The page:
California state penitentiaries who for years managed prisons without court interference were now in a constitutional bind. Those in favor of California policy system argue that segregation by race invariably resulted in the prison system especially among inmates affiliated with gangs and to put different gang members of different races into the same cell would result in violence. In order to stop interracial violence, many prisons in California adopted the system of assigning race-based cells. State penitentiary would argue that they implemented this system not because they believe in racial segregation but for the safety of all inmates. Those in favor of this system also argued that the 2005 Supreme Court ruling jeopardized the safety of inmates, especially newcomers.
I found that, today, people of color are more likely to be incarcerated and sentenced disproportionally than their white counterparts. Racial inequalities in the criminal justice system are evident now more than ever. Although some believe that we are now past racial disparities, people of color are still facing injustice in the criminal justice system as appose to whites. Furthermore, my research has found that mass incarceration of one race, leads to mass poverty in
All over the place people are being discriminated because of their religion, ethnic, and even sexuality. In today’s world specially in the United States there is a lot of more discrimination against Hispanics because there are more and more of them crossing the border for a better life for them and their families and in hope of achieving the American Dream. “Most Latinos in the United States say they have suffered discrimination, more than twice as many who said so a decade earlier” but a lot of Americans don’t see it that way they assume Hispanics came here to cause harm in this country, majority of people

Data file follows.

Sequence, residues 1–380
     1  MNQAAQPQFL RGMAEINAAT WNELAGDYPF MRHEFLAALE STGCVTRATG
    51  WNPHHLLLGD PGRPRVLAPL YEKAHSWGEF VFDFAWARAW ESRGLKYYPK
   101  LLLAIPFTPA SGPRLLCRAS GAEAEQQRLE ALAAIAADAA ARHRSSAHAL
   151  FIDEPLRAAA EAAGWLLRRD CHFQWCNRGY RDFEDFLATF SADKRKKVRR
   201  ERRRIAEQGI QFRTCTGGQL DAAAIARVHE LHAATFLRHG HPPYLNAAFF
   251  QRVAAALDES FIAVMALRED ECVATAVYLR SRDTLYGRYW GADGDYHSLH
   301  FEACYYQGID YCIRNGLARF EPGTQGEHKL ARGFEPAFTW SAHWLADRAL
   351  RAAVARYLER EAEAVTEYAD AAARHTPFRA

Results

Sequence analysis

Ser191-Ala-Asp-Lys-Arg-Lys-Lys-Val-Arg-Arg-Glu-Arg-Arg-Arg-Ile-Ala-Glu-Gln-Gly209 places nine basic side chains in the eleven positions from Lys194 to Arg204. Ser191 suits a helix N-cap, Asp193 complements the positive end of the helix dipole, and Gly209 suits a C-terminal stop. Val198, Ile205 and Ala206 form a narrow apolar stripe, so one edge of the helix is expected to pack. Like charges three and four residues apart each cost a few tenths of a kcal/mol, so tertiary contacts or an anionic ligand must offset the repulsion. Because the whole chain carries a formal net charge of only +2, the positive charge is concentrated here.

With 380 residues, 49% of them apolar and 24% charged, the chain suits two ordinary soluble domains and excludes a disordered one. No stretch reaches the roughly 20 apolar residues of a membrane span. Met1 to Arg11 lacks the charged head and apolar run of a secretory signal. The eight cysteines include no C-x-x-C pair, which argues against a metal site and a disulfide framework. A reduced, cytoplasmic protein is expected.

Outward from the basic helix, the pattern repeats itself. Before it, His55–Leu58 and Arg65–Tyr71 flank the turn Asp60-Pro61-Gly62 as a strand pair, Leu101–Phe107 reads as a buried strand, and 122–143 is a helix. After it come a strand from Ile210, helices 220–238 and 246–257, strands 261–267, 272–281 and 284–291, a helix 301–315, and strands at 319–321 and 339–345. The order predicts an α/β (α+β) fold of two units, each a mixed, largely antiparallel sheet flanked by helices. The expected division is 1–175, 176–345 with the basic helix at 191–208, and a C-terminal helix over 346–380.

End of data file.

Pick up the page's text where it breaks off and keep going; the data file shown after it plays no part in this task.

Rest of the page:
The intention of my research is to expose the racist tactics in the criminal justice system that have been camouflaged. I am prepared to explain how racism contributes to the vast number of incarcerated African Americans, and other minorities. The criminal justice system has created and perpetuated racial hierarchy in the United States, and has done so throughout history. I propose the question: Are minorities being targeted within the Criminal Justice System? African Americans are criminalized and targeted because of their skin color, and it is not fair.
On the contrary, Mexicans and other immigrants just answered to the demand for laborers. For years, many Mexican people risked their lives to work in America. Unfortunately, they have suffered discrimination, and some official U.S regulations have been set in place to deport people back to Mexico (ex. Operation Wetback in 1954). However, those same issues and patterns of Mexican migration continue today which puts this topic at the center of national debate and subjects Mexicans immigrants to negative criticism.
Natalie Calderon History 240 Brian D. Behnken December 7, 2015 The Latino Threat The Latino Threat is a book written by Leo R Chavez and anthropologist who is a professor at University of California, Irvine in which he analyzed the threats that Latinos face in America by its society. In his book Chavez discussed that Americans assumed Latinos were a threat because of the stereotypes and prejudices that the media and many other sources had over them. He talks about Americans thinking that Latinos were taking over the Southwest because they refused to learn English, Latinas were having too many babies, were taking American organ transplants, between other topics. Chavez demolishes the assumption that Latinos are a threat by stating actual